Fresh Meat: What to look for?

by zesty on May 28, 2009 · 11 comments

It is Thursday already which means I now really have 2 days to cram in 6 days worth of work.  Oh dear – this is not going to be pretty.   I have been asked a few times whether it be family and friends or even readers about what to look for when buying fresh meat.  Because I watch a lot of the food network and read a fair amount of reading material on food  – I think I can answer these questions.


For all my vegetarian readers… sorry!  I just want to take a few minutes of your time and hopefully shed some light on this topic.  Whether it be for grilling, roasting, poaching, frying or braising these tips are very important.

Are you purchasing the freshest meat and/or meat products from your local grocer? You certainly may think so, however, this may not be the case. There are some questionable practices meat department personnel may apply that you are unaware of. Meat and meat products are expensive and perishable. A no sale for the butcher becomes an unwelcome loss.  As a consumer, there are certain measures you can undertake to assure yourself a fresher, higher quality product.

1. Choose Wisely

  • When a meat item is on sale, take advantage of the cost. This is perhaps the best time to buy a fresh product. The demand will be greater; hence, there is less likelihood of it sitting on the shelf too long. If the package isn’t labeled “Choice”, the cut is most certainly “Select”. This type of meat is lower in quality and taste. Always find out which kind of meat is used before you make your selection. “Select” meats are good candidates for sale items: cheaper for the butcher to purchase, with a higher mark-up price. The consumer pays less and the grocer makes a higher profit. However, the quality is undeniably compromised. Your taste buds will be the final test!


2. Color Can Help

  • When choosing fresh meat, color is always a good indicator. Beef will have a bright red color, pork will look pinkish and the skin on poultry should be white or pale yellow. Marbling gives the meat flavor, so look for thin white streaks for a juicier and more tender cut of beef.


3. Go Lean

  • A lot of supermarkets offer boneless, skinless chicken breasts and thighs, which are extra lean and full of flavor. The majority of pork cuts are lean, and most retailers offer fresh  extra-lean ground beef that’s produced on a daily basis.  More and more shoppers are opting for pork tenderloin, which is a better-for-you alternative protein that is low
    in fat and a source of iron and vitamin B12.


4. Do the Smell Test

  • Another quality identification is smell.  The product should have a normal smell.   This will be different for each of the species (i.e. beef, pork, chicken), but should vary only slightly within the specie.  Any rancid or strange smelling meat should be avoided.

So that are my four tips I use when buying meat.  I hope the next time you are shopping for your family you keep these in mind if you didn’t already know.  It is not rocket science but if you are not used to buying meat on a regular basis, the choices can be over whelming.

Site Update

I finally added a place where you can visually see to buy yourself some new zesty gear.  I encourage everyone to head over there and purchase something as all the profits are going directly to the food bank.  A great cause!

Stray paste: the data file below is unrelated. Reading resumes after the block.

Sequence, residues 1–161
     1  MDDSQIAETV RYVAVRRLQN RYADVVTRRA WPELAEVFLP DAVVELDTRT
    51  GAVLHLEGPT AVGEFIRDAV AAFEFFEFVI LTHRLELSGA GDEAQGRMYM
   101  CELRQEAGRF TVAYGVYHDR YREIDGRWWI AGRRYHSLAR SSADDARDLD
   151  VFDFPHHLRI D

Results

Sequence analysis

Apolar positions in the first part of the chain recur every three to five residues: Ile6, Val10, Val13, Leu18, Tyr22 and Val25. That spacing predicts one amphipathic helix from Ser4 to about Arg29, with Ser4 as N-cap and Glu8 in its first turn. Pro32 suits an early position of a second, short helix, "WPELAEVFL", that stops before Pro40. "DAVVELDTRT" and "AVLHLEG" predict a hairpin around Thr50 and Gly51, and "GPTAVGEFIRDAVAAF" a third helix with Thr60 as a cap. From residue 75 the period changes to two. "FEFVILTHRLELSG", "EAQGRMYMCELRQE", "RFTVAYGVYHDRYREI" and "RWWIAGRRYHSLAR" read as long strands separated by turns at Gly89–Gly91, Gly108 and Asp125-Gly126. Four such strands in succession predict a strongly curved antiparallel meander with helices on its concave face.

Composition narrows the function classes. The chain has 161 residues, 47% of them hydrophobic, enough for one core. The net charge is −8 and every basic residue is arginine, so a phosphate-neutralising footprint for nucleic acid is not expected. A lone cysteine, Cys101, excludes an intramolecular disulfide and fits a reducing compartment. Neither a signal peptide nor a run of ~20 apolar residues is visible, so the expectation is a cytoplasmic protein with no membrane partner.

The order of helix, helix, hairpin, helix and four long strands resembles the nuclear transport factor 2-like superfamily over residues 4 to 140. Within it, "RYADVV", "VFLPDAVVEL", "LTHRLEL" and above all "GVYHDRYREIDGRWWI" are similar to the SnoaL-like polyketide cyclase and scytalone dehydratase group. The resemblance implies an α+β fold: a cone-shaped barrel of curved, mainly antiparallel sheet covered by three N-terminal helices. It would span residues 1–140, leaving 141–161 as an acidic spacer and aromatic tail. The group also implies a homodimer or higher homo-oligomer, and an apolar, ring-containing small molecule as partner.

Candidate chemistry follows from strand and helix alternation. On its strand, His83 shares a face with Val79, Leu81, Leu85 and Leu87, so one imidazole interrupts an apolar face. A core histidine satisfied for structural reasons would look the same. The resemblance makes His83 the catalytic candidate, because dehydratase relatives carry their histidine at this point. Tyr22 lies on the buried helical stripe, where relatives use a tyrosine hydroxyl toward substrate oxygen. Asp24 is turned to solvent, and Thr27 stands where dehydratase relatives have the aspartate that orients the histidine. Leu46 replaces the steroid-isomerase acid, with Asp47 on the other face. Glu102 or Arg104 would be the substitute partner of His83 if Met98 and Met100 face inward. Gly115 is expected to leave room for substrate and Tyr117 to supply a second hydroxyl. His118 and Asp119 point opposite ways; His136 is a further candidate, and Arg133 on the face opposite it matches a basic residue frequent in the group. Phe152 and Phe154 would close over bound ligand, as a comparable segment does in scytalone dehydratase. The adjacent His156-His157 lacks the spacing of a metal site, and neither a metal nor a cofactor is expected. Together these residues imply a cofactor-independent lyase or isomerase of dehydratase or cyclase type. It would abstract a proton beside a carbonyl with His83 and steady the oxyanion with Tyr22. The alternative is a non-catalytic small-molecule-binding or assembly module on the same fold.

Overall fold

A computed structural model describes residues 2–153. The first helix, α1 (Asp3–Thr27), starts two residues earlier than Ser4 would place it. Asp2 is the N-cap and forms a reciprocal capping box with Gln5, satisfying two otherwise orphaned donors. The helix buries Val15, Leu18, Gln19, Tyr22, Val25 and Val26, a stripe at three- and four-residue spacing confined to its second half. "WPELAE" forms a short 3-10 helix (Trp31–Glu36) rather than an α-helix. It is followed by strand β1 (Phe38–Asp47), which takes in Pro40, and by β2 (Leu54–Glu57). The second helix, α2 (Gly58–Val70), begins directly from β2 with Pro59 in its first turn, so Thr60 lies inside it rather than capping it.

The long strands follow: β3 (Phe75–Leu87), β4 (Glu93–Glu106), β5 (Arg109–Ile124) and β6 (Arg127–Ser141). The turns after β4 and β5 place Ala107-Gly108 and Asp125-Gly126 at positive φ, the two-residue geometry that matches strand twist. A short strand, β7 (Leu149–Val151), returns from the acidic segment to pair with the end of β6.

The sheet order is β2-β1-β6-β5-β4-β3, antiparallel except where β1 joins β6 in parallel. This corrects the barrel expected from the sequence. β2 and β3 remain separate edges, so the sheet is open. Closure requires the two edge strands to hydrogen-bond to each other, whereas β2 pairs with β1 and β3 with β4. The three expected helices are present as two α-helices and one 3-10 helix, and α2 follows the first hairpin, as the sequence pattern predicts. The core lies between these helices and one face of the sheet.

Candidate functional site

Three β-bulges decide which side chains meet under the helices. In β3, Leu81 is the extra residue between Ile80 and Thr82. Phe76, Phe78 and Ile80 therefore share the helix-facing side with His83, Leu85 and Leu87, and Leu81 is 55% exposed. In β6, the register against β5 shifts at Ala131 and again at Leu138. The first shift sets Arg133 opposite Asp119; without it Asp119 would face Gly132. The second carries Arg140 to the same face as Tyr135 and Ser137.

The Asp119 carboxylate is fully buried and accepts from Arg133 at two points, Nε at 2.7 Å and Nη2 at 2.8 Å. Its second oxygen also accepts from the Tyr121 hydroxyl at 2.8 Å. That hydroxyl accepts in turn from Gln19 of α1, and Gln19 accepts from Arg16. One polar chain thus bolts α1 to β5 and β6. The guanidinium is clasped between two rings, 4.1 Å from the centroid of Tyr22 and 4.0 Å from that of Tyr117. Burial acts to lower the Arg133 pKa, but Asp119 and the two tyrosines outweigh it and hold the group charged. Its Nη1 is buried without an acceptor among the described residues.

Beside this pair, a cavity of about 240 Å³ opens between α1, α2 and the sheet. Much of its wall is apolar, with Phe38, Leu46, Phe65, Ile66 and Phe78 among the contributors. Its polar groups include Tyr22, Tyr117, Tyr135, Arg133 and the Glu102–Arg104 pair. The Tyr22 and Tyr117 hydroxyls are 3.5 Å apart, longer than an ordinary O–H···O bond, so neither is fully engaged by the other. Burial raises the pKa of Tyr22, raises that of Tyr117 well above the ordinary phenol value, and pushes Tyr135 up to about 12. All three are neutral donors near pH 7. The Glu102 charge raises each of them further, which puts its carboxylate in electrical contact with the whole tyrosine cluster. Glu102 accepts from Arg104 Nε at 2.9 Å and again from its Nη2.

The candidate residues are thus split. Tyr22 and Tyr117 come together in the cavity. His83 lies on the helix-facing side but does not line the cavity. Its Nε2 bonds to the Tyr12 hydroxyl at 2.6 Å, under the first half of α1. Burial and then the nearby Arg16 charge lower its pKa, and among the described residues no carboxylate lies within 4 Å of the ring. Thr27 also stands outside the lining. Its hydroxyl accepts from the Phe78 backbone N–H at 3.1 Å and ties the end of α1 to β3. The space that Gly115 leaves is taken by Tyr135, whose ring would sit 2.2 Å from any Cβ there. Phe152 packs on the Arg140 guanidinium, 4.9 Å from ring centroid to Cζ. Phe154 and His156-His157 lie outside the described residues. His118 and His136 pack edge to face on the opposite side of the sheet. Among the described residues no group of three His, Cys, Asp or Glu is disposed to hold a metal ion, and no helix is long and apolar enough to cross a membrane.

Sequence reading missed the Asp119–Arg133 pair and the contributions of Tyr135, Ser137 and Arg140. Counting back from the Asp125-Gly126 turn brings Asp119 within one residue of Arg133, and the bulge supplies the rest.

Around the Blogsphere

Angela at Ohsheglows is having a great giveaway forAlign Digestive Care Probiotic Supplement contest.  She is giving away two 30-day boxes.  So if you have not entered please head over here now and do so.

I am heading off to do some more packing yet again so I hope you have a great Thursday and I look forward to seeing you tomorrow.

Take care


Related Posts Plugin for WordPress, Blogger...
Print Friendly

{ 9 comments… read them below or add one }

1 Alison

I’m a vegetarian, but still pay attention to issues surrounding organic/grassfed beef, free range chickens that aren’t fed antibiotics. Have you come across this in your reading and do you have any thoughts on that? From what I understand, grass fed beef is better for you and is richer in the vitamins and minerals beef is supposed to have, supposedly tastier too!


2 Matt (No Meat Athlete)

But what about grass fed, hormone free, etc…? Not only is it better for you, it would do sooo much good for the environment (much more than can be done, for example, by not driving SUV’s anymore).


3 Mara @ What's For Dinner?

Thanks for the hints!! I do enjoy when I can find “Choice” meat at the store…it’s few and far between, but SO good and worth the price.

Would you mind linking to my foodie charm giveaway? I don’t normally ask…but I think readers would love it!


4 Danica

Great meat post, Zesty – LOVED the pictures and the info!


5 Gina

Great post, especially for this time of year!


6 miss tiffie

thanks for the quickie.. but the thing that irks me is the places that COLOR their meats & fish >_<; ugh. any good way to spot those trickeries??


7 girlbeerdrinker

Being a whitetail deer hunter, I eat alot of venison. Think about it, a deer eats grass and grains from farmers crops and look at how much leaner and better for you venison is than most of the beef out there. I also process my own venison, so I know exactly what is going on my plate.


8 Angela

Thanks for the shout out! :)

PS- Eric LOVED this post of yours on meat! Thanks!!


9 Tyler (Raspberry Runner)

This is really helpful! I love ordering steaks in restaurants or letting other people make it for me, but I am always hesitant to buy/prepare it myself! Maybe there could be a part 2 on meat cooking techniques?? I’m so clueless in this area!


Leave a Comment

Previous post:

Next post:

More Recipes